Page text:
In this study, the proportion of nosocomial MDR A.baumannii infection (3.8%) was in agreement with studies conducted in Uganda (2.39%) , Ghana (4%)  and Gabon (5.7%) . However, it was lower compared with findings from Sodo Ethiopia (15.3%) , Morocco (7%) , Gaza city (6.9%)  and Thailand (17.3 %) . In contrast, it was higher than findings from Uganda (0.95%), Italy (0.52%)  and China (0.42%) .The variations in this report might be due to host, microbial and environmental factors.
The proportion of nosocomial MDR P.aeruginosa infection (4.6%) in the present study was comparable with a study in Uganda (5%) . However, it was lower than findings from other parts of Ethiopia (11.1% - 66.7%) [15, 22, 27, 40], Ghana (19.5%) , Morocco (8%) , India (76.8%) , Thailand (9.6%)  and Italy (8.7%) . In contrast, it was higher compared to a study in China (0.36%) . The variations in this report might be due to host, microbial and environmental factors.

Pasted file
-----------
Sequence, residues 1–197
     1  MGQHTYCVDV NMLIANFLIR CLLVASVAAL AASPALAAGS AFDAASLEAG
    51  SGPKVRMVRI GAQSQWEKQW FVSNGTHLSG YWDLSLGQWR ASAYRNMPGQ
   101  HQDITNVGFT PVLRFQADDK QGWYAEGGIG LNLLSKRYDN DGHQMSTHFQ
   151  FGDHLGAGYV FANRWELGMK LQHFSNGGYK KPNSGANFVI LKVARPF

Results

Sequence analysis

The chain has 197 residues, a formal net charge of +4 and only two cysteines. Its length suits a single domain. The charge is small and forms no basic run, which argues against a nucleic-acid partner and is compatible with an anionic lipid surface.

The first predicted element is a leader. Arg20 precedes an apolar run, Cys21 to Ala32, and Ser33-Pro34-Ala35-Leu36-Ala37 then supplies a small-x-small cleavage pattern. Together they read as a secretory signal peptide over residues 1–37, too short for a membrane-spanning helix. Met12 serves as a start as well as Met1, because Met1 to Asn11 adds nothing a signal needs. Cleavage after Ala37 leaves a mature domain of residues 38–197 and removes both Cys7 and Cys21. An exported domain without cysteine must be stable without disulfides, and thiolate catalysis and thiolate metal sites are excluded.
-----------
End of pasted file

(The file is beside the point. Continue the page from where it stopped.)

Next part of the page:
In this study all isolates of MDR P.aeruginosa were resistant for ampicillin and amoxacillin-clavulanic acid. This was consistent with reports from Tikur Anbessa hospital, Ethiopia (22) and Southeast China  where 87.5% and 100% resistance levels against ampecillin and amoxacillin-clavulanic acid, respectively were noticed. In this study, all isolates of P. aeruginosa revealed 100% resistance against piperacillin. This was significantly higher than studies from Italy (25%) , Vietnam (17.7%) , Southeast China (12%) , Turkey (28.7%)  and Taiwan (66.8%) .This might be associated with differences in the number of MDR strains of P.aeruginosa and patient type. The frustrating level of resistance against piperacillin antibiotic is an alarm for treatment to be guided with antimicrobial susceptibility testing hence so far, piperacillin was not prescribed in the study area (FHRH).